The Lazy Designer

The Next Game

Yes, “The Next Game” is the title of my second Lazy Designer book but today I actually want to talk about the next Unity prototype-game that I am actually working on.

While building a technical framework to help me get Unity projects up and running faster I also started to think about what might be a fun game concept to explore for my next prototype. I decided upon a simple grid-based area editor. While this does not sound overly exciting it has been an interesting challenge.

I’ve gotten it to the point where I can place buildings from an list and rotate them. It ensures no buildings overlap and all the various grid rules are honored. It is also able to serialize and deserialize data to/from my server.

The main reason for building this is that I’m going to attempt to build a Simpsons Tapped Out styled game, albeit simpler and with a different “end goal” than current games of this type (more on that in a later post). But I’m also excited by a range of other uses for the system, which I’ve managed to keep fairly generic. It will serve as the core system for a couple board game translations I’ve been wanting to create in Unity for a while. It will also serve as a rudimentary area editor for simpler games that I might build in the future.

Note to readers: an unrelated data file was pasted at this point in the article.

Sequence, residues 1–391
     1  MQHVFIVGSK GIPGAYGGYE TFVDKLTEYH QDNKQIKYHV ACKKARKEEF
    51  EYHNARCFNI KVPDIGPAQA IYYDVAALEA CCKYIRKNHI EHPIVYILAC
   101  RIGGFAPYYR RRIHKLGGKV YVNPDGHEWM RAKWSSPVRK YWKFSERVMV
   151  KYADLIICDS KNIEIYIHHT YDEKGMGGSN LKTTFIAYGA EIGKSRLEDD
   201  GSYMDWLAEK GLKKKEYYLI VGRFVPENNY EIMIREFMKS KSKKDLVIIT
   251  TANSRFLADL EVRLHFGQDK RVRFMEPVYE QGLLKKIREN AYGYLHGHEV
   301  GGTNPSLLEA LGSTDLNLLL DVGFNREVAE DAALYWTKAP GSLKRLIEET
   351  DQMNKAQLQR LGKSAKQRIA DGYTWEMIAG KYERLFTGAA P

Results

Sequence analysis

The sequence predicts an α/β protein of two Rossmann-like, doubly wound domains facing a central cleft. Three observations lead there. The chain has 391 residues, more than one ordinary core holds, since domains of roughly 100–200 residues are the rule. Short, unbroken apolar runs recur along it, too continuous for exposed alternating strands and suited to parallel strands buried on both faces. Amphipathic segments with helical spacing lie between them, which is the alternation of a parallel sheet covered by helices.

Anyways here’s an image of a small grid with a couple test buildings placed. Obviously lots of work left to go but with the core system in place I’m eager to mess around with it more (however I won’t, as I’ve accomplished this month’s milestone already and need to wait till next month).

I’ll do a proper write up like I did with the Hauler stuff, but that won’t be until later in the year, but basically my first prototype is complete and its just halfway through the month, so I’m pleased.

In writing related news, edits are proceeding on my kid’s novel. I’m taking a phase approach to these edits, with each phase focusing on one or two areas at a time (i.e., character development, setting development, et cetera). We’ll see how it works out.

Former lead designer at BioWare (Dragon Age: Origins, Neverwinter Nights). Creator of Raiders of the Serpent Sea.


  • James Paten

    Hey Brent – in regards to the game itself… are you planning on having characters walking around the map eventually, like in The Simpsons Tapped Out? Or does your game just focus on the buildings themselves, like a city sim similar to… Sim City? (That phrase has some serious redundancy in it).

  • Brent Knowles

    For the current project I’m keeping it real simple (though also keeping the engine flexible enough to add to). If I’m happy with this, once done, I might take the code and try to build a more elaborate game.

    My “Priority A” features focus on building/resource generation for particular goals. A “B level” feature is to have wandering ambient creatures.

    But we’ll see. I’m only designing ahead one milestone at a time and allowing myself the flexibility of changing direction :)